Returning to Ephesians, we discover the purpose of our gifts in 3:7, 11-12: “I was made a servant of this gospel by the gift of God’s grace that was given to me by the working of His power. This is according to the purpose of the ages, which He made in the Messiah, Jesus our Lord, in whom we have boldness, access, and confidence through faith in Him.” God does not want us to be reclusive with our faith. We are meant to live our lives with our heart on our sleeves and our heads held high knowing that God is with us every step of the way. We have been appointed to be living examples of what it means to be believers of Christ to engender a feeling of curiosity to those who do not yet believe. 3:16-19: “I pray that He may grant you, according to the riches of His glory, to be strengthened with power through His Spirit in the inner man, and that the Messiah may dwell in your hearts through faith. I pray that you, being rooted and firmly established in love, may be able to comprehend with all the saints what is the length and width, height and depth of God’s love, and to know the Messiah’s love that surpasses knowledge, so you may be filled with all the fullness of God.”

4:25-27, 31-32: “Since you put away lying, Speak the truth, each one to his neighbor, because we are members of one another. Be angry and do not sin. Don’t let the sun go down on your anger, and don’t give the Devil an opportunity. All bitterness, anger and wrath, insult and slander must be removed from you, along with all wickedness. And be kind and compassionate to one another, forgiving one another, just as God also forgave you in Christ.” It is natural for a person to get angry at either a circumstance or another individual. What we do with our anger is what makes a difference of how others form their opinions on our personality and faith. Nobody is perfect, everyone makes mistakes, God still loves us all, and we should follow His example of grace and mercy. Notice what is said in 5:15-18: “Pay careful attention, then, to how you walk—not as unwise people but as wise—making the most of the time, because the days are evil. So don’t be foolish, but understand what the Lord’s will is. And don’t get drunk with wine, which leads to reckless actions, but be filled with the Spirit.”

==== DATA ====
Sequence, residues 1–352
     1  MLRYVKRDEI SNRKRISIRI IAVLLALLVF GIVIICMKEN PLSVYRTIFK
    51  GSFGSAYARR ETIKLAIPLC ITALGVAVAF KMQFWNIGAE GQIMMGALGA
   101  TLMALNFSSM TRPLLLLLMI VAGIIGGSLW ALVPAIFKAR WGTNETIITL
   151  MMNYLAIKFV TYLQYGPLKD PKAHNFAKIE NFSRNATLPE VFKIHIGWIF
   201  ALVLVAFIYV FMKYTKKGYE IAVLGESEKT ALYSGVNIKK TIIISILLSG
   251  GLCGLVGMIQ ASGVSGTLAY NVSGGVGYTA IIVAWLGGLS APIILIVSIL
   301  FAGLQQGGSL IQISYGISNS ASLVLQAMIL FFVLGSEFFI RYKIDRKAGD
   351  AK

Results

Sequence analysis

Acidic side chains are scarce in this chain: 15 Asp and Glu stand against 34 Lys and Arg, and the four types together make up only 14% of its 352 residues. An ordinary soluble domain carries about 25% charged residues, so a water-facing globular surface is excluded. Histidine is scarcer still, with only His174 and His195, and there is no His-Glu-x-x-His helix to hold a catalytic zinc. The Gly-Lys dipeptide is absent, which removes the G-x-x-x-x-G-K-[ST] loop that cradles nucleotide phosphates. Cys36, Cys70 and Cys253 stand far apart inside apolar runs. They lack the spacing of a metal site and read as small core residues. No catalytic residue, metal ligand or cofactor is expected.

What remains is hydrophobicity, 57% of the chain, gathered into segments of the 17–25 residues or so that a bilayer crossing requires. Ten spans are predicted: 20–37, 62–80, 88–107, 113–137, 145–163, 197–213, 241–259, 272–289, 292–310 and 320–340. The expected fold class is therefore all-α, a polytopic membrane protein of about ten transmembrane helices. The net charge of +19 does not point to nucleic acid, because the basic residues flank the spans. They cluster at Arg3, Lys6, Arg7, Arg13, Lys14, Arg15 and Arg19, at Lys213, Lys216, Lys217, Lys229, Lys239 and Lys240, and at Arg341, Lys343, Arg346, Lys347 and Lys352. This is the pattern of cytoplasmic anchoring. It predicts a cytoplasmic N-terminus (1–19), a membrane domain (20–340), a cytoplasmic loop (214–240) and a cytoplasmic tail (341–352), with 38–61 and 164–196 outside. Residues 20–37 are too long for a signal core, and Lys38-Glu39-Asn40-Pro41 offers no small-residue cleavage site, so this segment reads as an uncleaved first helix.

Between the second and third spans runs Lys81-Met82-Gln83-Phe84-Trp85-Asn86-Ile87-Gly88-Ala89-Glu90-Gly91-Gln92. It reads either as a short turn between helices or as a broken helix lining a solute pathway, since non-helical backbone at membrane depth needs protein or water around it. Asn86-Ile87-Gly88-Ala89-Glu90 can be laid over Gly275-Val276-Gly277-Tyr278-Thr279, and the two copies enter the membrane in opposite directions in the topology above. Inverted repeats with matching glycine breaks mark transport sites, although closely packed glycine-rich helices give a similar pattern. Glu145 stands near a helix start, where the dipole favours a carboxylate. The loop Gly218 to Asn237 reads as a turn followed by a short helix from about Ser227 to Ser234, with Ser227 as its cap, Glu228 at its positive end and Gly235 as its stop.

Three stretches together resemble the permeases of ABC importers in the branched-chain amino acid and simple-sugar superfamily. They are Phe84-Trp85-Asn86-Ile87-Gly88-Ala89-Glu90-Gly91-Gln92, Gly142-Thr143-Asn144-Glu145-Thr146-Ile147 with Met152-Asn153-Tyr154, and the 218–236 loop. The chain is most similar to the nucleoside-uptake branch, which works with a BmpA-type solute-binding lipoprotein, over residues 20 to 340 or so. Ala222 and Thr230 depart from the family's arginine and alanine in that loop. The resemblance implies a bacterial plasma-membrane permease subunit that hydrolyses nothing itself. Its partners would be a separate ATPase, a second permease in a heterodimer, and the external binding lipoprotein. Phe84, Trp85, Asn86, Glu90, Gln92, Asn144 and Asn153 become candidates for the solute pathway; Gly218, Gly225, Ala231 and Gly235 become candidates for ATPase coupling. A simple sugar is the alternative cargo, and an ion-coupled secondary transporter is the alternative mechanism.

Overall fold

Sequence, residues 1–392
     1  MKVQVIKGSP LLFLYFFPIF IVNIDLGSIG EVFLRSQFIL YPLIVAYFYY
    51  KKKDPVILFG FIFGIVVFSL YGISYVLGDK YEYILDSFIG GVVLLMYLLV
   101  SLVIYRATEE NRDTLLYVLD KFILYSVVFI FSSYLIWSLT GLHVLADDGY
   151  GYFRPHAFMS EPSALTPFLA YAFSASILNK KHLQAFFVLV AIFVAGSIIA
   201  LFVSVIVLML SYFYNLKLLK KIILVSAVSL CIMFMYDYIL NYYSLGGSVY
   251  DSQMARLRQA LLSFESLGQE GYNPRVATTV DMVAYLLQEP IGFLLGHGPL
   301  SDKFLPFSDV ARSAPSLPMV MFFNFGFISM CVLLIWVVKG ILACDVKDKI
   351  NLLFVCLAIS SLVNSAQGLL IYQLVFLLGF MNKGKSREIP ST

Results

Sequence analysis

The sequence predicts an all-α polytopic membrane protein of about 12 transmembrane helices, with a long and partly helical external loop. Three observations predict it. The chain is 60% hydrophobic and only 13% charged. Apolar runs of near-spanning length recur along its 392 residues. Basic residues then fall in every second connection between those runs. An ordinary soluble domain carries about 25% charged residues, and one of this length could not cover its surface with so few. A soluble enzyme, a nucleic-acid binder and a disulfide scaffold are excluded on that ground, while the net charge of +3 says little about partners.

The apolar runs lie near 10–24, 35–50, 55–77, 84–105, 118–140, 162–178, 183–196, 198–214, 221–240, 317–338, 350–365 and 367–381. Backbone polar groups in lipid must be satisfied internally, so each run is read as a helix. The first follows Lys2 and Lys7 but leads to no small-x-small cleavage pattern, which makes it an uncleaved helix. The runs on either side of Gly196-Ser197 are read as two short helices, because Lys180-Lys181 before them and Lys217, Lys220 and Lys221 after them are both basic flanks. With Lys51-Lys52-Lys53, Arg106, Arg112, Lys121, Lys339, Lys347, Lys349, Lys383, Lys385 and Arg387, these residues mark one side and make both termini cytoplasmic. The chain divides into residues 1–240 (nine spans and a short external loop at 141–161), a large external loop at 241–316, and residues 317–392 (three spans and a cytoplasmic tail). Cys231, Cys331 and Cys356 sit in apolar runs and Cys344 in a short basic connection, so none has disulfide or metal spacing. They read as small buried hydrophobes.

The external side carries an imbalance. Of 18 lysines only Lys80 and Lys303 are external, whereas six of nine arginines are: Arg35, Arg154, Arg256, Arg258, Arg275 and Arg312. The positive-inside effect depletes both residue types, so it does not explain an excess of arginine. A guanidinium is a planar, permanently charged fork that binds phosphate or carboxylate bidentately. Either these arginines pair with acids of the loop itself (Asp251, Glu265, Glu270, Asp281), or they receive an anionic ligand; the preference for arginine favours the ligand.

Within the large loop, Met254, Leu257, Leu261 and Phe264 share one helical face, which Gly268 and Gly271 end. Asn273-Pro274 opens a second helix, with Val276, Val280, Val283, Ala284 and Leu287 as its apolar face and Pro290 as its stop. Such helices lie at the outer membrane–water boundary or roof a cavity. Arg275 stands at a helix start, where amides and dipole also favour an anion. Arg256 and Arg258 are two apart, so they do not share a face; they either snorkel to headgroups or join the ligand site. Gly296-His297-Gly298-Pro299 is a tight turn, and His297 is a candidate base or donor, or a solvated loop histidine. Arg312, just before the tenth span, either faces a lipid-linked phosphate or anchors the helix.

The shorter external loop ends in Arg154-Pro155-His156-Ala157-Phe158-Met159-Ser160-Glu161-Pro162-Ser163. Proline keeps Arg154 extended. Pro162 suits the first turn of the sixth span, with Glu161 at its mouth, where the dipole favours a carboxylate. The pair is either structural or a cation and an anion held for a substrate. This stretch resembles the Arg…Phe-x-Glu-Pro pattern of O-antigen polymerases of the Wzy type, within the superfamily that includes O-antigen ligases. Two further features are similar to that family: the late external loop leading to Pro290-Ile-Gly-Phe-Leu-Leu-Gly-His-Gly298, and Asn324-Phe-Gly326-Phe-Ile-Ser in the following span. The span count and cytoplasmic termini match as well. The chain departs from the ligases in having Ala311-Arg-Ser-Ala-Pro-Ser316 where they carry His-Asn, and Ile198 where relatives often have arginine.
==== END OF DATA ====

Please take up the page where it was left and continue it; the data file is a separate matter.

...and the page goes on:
In regards to 6:5-9, “Paul did not condone slavery when urging both slaves and masters to live as responsible Christians; his concern was to change Christian’s attitudes toward each other. The gospel is opposed to slavery. Where the gospel permeates lives, the institution of slavery will be undermined and abolished. It is worth noting that the first generation of Christians who had been freed from slavery to sin, gladly called themselves “slaves” of God or of Christ. Paradoxically, this latter slavery is the highest human freedom.” (Klein) 6:6-7: “Don’t work only while being watched, in order to please men, but as slaves of Christ, do God’s will from your heart. Render service with a good attitude, as to the Lord and not to men.”

6:10-11: “Finally, be strengthened by the Lord and by His vast strength. Put on the full armor of God so that you can stand against the tactics of the Devil.” The armor of God is found in 6:14-17: belt of truth; armor of righteousness; sandals of readiness for the gospel of peace; shield of faith; helmet of salvation; and the sword of the Spirit, which is God’s word. By putting on God’s armor on a daily basis, we will be able to fight stronger all of the temptations that the Devil throws our way and be able to increase our trust in God knowing He is in control. Following the list of armor in Ephesians we find more guidance, 6:18: “With every prayer and request, pray at all times in the Spirit, and stay alert in this, with all perseverance and intercession for all the saints.” We need to always be observant and prayer regularly for not just ourselves, but for everyone and be able to listen for God’s answer in that still small voice that He gives. 6:24: “Grace be with all who have undying love for our Lord Jesus Christ.”